(22) Mr Bailie contended that this unattributed sentence was opinion: The case looked straightforward until Baillie’s lawyer Nathan Laws introduced a secret recording taken at the Dunedin Police Station. The Media Council considers that this was a fair observation about what appeared, at the beginning, to be a standard judge-alone case.Not Upheld

Principle 1: Accuracy Fairness and Balance.

(23) Mr Baillie makes multiple accuracy allegations. The Media Council believes the following are the two key Principle 1 points that need addressing.

Point A - The story states that witnesses named Mr Baillie

(24) Mr Baillie says witnesses who gave evidence did not name him in court.

The Stuff story says He (the witness) alleged Baillie had four wines on the flight, after he initially asked for a rum. He was concerned that Baillie, like him, was planning on driving to Oamaru after the flight, a journey of 110 kilometres.

(25) In the Minute of Judge KJ Phillips, it is clear that the legal reason the charge is dismissed, is because no witness who gave evidence referred to/identified Mr Baillie.

(26) The Minute also details how two police witnesses who were yet to give evidence had read anOtago Daily Times (not Stuff’s story) May 18 news report of the trial. Judge Phillips states that the reporters (plural) had ‘jumped the gun’ by publishing the story and says “I put it down to their professionalism, no more than that.” The judge also acknowledges the evidence published had not been suppressed.

(27) This led to Judge Phillips ruling that the two incoming police witnesses had to be excluded, after seeing theOtago Daily Times article.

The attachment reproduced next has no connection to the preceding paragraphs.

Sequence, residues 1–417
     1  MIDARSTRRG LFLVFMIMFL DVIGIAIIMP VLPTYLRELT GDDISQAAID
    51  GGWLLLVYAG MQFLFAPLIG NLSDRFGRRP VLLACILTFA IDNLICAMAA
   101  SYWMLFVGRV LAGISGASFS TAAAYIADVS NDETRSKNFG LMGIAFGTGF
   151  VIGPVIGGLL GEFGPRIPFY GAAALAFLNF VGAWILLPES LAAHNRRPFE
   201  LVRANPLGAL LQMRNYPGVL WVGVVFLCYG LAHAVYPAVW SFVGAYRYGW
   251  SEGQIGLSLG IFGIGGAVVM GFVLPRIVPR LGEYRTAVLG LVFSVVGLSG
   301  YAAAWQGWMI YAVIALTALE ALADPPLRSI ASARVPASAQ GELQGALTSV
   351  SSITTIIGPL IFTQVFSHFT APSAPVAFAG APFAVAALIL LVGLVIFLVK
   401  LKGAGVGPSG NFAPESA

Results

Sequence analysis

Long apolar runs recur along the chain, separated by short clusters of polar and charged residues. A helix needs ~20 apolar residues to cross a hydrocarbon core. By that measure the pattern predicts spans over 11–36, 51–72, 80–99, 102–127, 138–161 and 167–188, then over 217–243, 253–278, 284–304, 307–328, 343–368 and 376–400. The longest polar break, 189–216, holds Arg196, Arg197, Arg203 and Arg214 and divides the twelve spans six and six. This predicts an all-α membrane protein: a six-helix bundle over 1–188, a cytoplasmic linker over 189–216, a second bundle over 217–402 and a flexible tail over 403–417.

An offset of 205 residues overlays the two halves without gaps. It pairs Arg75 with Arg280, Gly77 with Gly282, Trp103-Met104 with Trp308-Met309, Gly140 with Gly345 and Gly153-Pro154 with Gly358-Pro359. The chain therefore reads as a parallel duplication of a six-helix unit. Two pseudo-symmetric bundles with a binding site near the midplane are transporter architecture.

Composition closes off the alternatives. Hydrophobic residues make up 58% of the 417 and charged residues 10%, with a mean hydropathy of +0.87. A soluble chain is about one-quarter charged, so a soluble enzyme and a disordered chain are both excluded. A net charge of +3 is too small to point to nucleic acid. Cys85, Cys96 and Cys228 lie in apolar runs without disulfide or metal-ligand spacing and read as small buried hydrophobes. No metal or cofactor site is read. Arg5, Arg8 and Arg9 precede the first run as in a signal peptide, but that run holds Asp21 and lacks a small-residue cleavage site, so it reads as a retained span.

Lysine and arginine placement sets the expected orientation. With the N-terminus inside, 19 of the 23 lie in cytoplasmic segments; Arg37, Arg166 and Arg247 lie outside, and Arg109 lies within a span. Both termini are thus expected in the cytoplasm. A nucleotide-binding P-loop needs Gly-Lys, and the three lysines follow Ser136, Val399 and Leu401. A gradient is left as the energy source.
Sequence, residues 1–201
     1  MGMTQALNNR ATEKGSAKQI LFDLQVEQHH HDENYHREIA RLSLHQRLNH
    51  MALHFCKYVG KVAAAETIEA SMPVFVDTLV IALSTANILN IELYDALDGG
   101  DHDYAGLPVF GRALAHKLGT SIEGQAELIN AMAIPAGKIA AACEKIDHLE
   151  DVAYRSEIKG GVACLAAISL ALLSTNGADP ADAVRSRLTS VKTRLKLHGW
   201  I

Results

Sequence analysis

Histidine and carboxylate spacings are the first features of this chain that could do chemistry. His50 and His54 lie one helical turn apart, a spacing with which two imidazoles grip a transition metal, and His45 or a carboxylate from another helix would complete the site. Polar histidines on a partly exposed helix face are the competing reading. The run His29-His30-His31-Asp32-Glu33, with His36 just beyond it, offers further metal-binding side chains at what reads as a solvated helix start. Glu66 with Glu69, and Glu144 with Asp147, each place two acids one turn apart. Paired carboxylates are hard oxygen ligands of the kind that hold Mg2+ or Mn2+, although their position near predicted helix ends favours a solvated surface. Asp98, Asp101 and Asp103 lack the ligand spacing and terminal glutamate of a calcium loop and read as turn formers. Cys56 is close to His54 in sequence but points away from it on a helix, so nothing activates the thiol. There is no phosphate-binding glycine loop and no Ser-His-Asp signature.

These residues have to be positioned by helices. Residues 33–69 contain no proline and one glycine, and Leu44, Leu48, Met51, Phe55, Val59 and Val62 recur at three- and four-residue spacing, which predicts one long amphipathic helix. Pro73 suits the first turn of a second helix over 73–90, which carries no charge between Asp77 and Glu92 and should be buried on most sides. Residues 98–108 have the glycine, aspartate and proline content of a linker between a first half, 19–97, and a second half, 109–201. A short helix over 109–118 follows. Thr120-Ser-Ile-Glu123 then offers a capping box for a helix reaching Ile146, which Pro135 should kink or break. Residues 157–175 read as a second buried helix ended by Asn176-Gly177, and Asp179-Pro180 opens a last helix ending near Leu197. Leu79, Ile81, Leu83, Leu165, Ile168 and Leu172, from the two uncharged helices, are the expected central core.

(28) The judge states: “The police prosecutor realised he was between a ‘rock and a hard place’ as a result of that ruling. But I have taken it from him not to seek leave to withdraw the case as I am going to dismiss it. I am going to dismiss it on the basis that there is not any evidence as to the blood alcohol level before me, but more importantly there is not evidence from the independent witness that the man, that he spoke to the man that was on the plane, the man doing the drinking, the man in the car, was Mr Baillie.”

(29) The Media Council notes that Stuff were declined access to this decision. Mr Baillie’s name was listed on court documents, and other than in the judge’s decision, no issue of his identity was raised in court, that the Media Council is aware of. Regardless, the Stuff article is incorrect to report that the plane passenger (and Senior Constable Wheeler) referred to Mr Baillie.

(30) This error is mitigated by the fact that Stuff did not have a copy of the judge’s decision, which raises this point. It appears that until the judge’s decision – made available to Stuff as part of this complaint - verified Mr Baillie’s complaint on this point, Stuff were not aware of, or could not confirm, this error.